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McGinnVsTuringtest: so leveling it may seem, it is a poor criterion for machine's own consciousness:
1. It provides no necessary condition for consciousness, because many conscious beings would fail miserably in the Turing-test. (E.g. cats, which cannot speak but have a consciousness). The test is too strong linguistically oriented.
2. The criterion is moreover not sufficient: the test is obliged to a behaviorist conception of consciousness.
Behavior/consciousness/McGinnVsBehaviorism: consciousness states cause behavior, but they are not reducible to behavior. Evidence, based on behavior, is always fallible. E.g. an actor can pretend to be in pain. In this way, behavior testifies of consciousness, but it does not guarantee it.
McGinnVsTuring-test: tries to tell when something has consciousness, without saying what consciousness is. It could be that we could build a machine that passes the test, but the darned thing would not have the slightest consciousness.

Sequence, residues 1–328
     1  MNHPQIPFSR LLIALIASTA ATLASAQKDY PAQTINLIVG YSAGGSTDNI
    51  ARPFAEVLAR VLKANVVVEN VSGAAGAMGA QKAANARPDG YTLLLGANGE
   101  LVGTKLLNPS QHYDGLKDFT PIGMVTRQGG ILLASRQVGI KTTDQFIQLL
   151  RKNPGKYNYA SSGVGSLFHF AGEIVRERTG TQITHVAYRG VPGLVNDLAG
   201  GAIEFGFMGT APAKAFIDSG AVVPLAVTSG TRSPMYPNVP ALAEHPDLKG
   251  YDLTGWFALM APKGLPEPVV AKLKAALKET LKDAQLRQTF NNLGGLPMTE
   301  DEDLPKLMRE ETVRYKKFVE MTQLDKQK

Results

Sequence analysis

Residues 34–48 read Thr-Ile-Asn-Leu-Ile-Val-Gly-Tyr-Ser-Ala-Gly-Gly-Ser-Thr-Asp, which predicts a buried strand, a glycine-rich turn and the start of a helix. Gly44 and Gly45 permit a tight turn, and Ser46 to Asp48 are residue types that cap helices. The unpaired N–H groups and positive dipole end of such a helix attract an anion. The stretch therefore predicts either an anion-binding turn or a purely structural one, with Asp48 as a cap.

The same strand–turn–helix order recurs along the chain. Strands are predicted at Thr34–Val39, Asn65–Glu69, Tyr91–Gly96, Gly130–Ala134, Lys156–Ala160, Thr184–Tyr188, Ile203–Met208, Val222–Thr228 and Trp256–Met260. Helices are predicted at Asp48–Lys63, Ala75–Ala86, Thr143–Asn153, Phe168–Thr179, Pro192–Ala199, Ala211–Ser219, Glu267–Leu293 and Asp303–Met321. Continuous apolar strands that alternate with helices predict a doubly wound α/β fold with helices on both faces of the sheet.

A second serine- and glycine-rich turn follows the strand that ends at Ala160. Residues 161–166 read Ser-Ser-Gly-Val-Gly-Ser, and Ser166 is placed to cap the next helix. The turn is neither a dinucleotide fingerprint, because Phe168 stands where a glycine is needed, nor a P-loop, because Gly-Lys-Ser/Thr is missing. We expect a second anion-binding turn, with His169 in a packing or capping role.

Therefore calculators are possible, they do our work without consciousness.
We could even assume that any cognitive task that we do with the help of intelligence, understanding and consciousness, could be done by a machine without intelligence, understanding and consciousness. ((s) Thus the poor behaviorism triumphs).
Each piece of rational mental activity could thus have a computational counterpart. (> Danto).
The counterpart reaches through a not mental way, what we achieve through a mental way.
If we can do in principle X without having Y, then, the fact that we can do X proofs not that we have Y.
Die Grenzen vernünftigen Fragens Stuttgart 1996
Wie kommt der Geist in die Materie? München 2001